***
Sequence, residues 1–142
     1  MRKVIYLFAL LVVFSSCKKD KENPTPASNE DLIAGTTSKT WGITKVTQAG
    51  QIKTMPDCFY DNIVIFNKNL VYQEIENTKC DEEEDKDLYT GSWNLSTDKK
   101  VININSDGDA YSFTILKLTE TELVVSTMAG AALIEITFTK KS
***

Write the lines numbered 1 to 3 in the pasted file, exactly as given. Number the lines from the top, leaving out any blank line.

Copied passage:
Sequence, residues 1–142
     1  MRKVIYLFAL LVVFSSCKKD KENPTPASNE DLIAGTTSKT WGITKVTQAG
    51  QIKTMPDCFY DNIVIFNKNL VYQEIENTKC DEEEDKDLYT GSWNLSTDKK